Saturday, 25 February 2012

Kim Sooja

(various installation views)

A tied bundle, something 'saved' in both the objective and metaphorical sense, arouses the same simultaneous attraction and curiosity as a body lying on the ground. To grasp the knot that holds the enveloping cloth together would reveal the enigma of what was concealed within, the story of the bundle and its origin. It is likely the story of a passage, a story of departure, travel, and arrival. Not least, the bundle, whether reference or literary motif, is an archetype deeply anchored in the consciousness of nearly everyone. When the hero of a novel resolutely girds himself, 'ties his bundle', it marks a dramatic turning point in the course of the story. The form of this putatively simple baggage, reversible at any moment, stands for an open process, a complex anticipation of what is to come. It can be a condensate of life, fully functional for some other life-space, or life-time.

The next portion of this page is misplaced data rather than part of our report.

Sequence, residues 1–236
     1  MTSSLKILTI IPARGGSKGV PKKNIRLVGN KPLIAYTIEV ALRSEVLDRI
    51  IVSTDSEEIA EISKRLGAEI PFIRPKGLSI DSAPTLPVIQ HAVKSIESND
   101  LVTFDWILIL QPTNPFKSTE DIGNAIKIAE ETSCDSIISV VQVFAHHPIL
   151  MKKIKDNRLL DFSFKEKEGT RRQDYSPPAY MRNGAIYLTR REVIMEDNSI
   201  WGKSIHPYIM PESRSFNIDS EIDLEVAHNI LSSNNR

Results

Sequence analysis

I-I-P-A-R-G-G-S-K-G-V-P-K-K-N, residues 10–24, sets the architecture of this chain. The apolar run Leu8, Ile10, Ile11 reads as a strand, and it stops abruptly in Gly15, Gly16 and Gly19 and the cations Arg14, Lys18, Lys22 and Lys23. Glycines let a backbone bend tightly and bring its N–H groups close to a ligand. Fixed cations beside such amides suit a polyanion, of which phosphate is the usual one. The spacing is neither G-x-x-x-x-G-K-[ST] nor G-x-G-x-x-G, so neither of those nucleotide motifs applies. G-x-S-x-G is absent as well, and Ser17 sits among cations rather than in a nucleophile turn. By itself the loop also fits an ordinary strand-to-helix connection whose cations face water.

Kim undertakes dealing with cloth, needle, and thread in an ordinary way, but raises it to the level of a concept. Thus, sewing along with her mother was not only an initiatory experience that showed the artist, who studied painting at the arts academy in Seoul, a way of going beyond the two-dimensional canvas to object and space. An idea, far-reaching both for herself and for the viewers of her work, manifests itself in her self-conceived role as 'A Needle Woman' — that of sewing as an interaction in space, sewing as a social behavior that endlessly constructs new and more or less unstable living-spaces

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